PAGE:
Forming the lateral-inferior region of the skull, the temporal bone is an even and symmetrical bone. Because of its position, this bone protects the temporal lobe of the brain and the ear. Also, it contributes to the development of the temporomandibular joint.
In the temporal bone, the scaly portion represents the largest bone section. It performs a number of functions, including:
The following muscles are related to the temporal bone:
The cranial sutures are fibrous joints that join the skull's bones together. Together with the temporomandibular joints, they are located within the temporal bone.
There are five sutures in the temporal bone, namely:
On the other hand, the temporomandibular joint allows opening, closing, and movement of the mouth, such as during chewing.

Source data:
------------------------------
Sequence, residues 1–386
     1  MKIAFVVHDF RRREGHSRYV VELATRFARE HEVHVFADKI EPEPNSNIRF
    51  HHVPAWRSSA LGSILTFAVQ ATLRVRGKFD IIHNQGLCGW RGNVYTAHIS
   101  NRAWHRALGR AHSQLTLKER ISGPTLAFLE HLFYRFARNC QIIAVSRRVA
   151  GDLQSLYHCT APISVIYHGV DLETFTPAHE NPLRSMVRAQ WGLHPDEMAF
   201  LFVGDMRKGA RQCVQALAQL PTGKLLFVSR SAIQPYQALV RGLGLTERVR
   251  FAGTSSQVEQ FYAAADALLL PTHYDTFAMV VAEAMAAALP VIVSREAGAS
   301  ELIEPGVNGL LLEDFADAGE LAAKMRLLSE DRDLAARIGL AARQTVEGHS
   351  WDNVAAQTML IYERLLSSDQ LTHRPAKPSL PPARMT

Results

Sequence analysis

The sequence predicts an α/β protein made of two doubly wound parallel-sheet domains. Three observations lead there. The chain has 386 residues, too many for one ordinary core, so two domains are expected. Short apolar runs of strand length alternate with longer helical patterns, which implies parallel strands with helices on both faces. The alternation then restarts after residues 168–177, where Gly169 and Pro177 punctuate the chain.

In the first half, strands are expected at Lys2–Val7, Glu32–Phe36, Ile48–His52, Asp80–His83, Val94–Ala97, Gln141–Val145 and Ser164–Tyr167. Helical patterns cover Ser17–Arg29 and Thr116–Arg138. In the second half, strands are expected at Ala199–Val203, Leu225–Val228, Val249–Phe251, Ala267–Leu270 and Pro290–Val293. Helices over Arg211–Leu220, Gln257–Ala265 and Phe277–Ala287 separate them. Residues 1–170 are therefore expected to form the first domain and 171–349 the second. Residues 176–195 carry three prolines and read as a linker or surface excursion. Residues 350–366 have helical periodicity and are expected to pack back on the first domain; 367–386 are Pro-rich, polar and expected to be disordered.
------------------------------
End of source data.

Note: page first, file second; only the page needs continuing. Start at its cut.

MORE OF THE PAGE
The ligaments that attach to the temporal bone are:
In terms of the nervous system, the temporal bone is associated with:
The following vessels are connected to the temporal bone:
What is the purpose of the temporal bone? Among its many functions, it is primarily responsible for protecting the temporal lobe of the brain as well as the cranial nerves. In addition to forming the external auditory canal, the temporal bone houses the cockles, canals, and hearing organs. It also protects the middle and inner ear structures, which are more delicate.
The temporal bone can be fractured just like any other bone in our body. Broken bones can cause pain in the right or left temporal bone, but other symptoms can also occur, such as dizziness and facial paralysis. An infection of the mastoid cells, known as mastoiditis, or a tumor can develop.